Lean manufacturing and the lean supply chain have been hot topics for the last decade. It's really heating up now that Toyota is suffering safety and quality woes, and naturally, all fingers point at Toyota's supply chain. While the lean manufacturing pioneer grapples with the fallout and recovery from "unintended acceleration" and other issues, high-tech manufacturers would do well to view the troubles at Toyota as a cautionary tale and take a look inward at their own lean supply chain practices. Regardless of the final verdict on Toyota, the supply chain can, indeed, get too lean. As a veteran of several lean implementations in the high-tech industry, and JIT and TQM before that, I've got a few suggestions for staying on the right side of the lean line.
Don't blame lean for Toyota's woes. People who say that Toyota has messed up because of lean are not clear about Toyota's history or the real root cause of their problems. Toyota has a great supply chain as well as the original and best, long-term implementation of lean manufacturing. In fact, the Toyota Production System that the company started to develop in the 1950s is the original blueprint for lean manufacturing. The real root cause of their problems: the change of strategy in the 1990s to become the largest automotive manufacturer in the world and overtake GM. Bottom line, they tried to grow too fast!
More humbling for U.S. automakers, Toyota drew heavily on the works of W. Edwards Deming, an American. After Toyota successfully implemented lean, the U.S. automakers adopted lean manufacturing. Bottom line, whatever lessons Toyota may learn from any supply chain errors will certainly be worth studying.
The Devil's in the Details. Many lean implementations are done suboptimally. They may look good because of the emphasis on the visible. People pay attention to establishing visual controls, fool-proofing assembly lines, laying out factory floors and "walking the Gemba" - all of which are great. You have to do those things. But that's just the first part of the job and, unfortunately, where most lean implementations stop.
The rest of the job involves the unseen. Utilizing an analytical approach and statistics to understand, control and then improve processes. Whether it's measuring variability of output from a CNC machine or truly understanding supply and demand patterns, you have to be reasonably sophisticated in the way that you apply these techniques in a lean environment. You have to be able to collect and interpret data correctly to do things right, e.g., know what your inventory level needs to be to provide a desired service level or know when a result is outside of tolerance. When you don't pay attention to the details - or you don't know what you're doing with the details - things can (and will) go wrong.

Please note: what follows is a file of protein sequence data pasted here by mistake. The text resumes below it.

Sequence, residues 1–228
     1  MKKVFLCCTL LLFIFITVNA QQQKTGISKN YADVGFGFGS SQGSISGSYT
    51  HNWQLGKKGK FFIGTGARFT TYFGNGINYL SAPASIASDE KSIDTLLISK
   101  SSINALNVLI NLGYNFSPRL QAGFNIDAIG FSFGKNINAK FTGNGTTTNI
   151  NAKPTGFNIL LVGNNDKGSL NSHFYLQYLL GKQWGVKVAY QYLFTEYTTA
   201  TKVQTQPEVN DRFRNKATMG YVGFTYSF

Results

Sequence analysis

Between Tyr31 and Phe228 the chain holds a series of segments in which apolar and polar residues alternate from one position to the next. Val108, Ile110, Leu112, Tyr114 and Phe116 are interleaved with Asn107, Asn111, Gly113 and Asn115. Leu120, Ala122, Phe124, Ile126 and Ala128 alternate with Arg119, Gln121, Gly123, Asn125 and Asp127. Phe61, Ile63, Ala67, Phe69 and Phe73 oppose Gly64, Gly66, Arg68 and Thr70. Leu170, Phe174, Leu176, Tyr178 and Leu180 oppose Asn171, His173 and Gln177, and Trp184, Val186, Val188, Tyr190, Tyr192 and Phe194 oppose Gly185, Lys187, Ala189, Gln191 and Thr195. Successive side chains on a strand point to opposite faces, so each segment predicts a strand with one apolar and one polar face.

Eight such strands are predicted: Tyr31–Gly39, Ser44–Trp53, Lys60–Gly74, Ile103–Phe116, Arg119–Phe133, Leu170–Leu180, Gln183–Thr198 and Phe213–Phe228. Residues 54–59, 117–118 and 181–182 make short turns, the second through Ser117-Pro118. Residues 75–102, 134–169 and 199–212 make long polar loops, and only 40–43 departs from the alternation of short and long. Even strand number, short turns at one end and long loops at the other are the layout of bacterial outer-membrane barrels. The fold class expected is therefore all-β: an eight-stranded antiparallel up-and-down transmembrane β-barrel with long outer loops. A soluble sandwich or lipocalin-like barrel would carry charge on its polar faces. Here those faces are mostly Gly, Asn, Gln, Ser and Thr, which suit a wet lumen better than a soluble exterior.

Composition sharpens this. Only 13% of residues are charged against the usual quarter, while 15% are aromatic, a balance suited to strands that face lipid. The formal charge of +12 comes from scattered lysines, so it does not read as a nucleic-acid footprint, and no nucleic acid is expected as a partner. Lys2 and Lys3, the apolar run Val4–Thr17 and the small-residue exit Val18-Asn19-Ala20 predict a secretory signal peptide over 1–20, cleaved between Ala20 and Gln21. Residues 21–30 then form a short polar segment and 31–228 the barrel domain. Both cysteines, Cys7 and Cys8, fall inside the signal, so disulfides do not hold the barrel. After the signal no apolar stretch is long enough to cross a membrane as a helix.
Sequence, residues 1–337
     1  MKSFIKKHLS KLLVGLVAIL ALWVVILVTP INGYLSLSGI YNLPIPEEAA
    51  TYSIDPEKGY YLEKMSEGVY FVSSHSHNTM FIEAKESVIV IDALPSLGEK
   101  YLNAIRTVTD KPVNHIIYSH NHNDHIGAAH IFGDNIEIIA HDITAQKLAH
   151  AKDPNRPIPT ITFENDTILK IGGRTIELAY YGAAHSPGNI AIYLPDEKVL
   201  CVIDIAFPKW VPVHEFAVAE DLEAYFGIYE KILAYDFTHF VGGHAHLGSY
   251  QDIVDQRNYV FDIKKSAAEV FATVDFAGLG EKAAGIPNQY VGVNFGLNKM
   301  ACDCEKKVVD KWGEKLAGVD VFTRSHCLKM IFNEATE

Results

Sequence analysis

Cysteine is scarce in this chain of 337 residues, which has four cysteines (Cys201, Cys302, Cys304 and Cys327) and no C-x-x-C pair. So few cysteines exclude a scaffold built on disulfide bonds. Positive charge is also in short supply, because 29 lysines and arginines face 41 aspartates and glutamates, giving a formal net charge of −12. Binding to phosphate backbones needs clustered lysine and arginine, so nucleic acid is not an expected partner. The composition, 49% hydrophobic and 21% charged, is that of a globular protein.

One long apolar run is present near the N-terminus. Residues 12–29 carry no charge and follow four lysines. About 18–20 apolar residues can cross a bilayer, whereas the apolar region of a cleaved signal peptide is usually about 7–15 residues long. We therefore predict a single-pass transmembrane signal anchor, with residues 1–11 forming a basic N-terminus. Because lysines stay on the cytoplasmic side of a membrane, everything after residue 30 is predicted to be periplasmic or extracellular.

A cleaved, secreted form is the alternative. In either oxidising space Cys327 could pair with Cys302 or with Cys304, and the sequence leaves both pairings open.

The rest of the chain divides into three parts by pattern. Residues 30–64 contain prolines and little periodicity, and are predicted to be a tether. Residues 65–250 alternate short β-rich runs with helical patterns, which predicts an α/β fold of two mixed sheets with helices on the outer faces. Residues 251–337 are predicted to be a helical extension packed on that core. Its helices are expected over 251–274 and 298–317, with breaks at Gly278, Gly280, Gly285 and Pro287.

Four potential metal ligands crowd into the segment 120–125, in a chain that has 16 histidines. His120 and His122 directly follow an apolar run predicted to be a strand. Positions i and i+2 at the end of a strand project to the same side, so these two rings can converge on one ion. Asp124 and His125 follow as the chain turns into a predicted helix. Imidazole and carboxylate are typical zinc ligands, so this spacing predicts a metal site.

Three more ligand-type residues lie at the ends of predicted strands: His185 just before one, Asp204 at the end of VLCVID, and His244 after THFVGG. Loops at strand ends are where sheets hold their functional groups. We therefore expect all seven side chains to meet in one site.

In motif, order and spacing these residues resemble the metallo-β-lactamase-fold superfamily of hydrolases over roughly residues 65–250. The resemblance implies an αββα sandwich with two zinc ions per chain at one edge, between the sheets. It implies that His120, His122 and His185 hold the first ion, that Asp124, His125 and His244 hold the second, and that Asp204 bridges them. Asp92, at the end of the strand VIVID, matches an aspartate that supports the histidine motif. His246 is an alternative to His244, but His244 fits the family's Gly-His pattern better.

Look at the big picture. Many of the lean implementations I've witnessed do a great job of "leaning" the factory floor, but that's where they stop. The principles of lean apply equally well to the finance department or to purchasing as they do to lean manufacturing. That's why I prefer the phrase lean supply chain as it encompasses all parts of the business. Take this one step further; apply the principles of lean up and down the supply chain by looking from end to end. With the increase in outsourcing, supply chains have become longer and more fragmented so companies must apply the principles of lean across factories and with suppliers and customers if they're going to achieve a truly lean supply chain.
Reinterpret inventory. Lean tells us to view inventory as a necessary evil. Why? Because as a manufacturing discipline, lean encourages the elimination of waste, which includes inventory. Meanwhile, Wall Street takes a really close look at inventory when it comes to corporate valuation. To Wall Street, inventory is a non-performing or under-performing asset.
But manufacturers can't just take inventory out of the supply chain altogether without exposing themselves to many risks. Look at Texas Instruments, for example. It cut back so much in the downturn that a lot of their parts are factory allocated, and Texas Instruments can't make enough, fast enough to meet overall demand. The company cut everything back, from manufacturing facilities to staff, and it drained a lot of its inventory out of the supply chain.
Another way manufacturers reduce inventory levels is to implement vendor-managed inventory (VMI) programs. Dell is a good historic example, having earned raves about its supply chain as best in class with a negative cash-to-cash cycle and a configure-to-order model that had a two-hour lead time from order to build complete. Basically, Dell pushed its entire inventory into warehouses that sat next to its factories. Until it was actually delivered to the Dell factory, the inventory was owned by the vendors. Dell had access to inventory whenever they needed it, but the vendors shouldered the cost of carrying the inventory when Dell was probably best suited from a cost of capital perspective to actually own the inventory.
Unless you have a perfect supply chain, you're going to need inventory to help align supply and demand. And for most high-tech manufacturers, that means thinking about inventory in a different way to get a lean supply chain.
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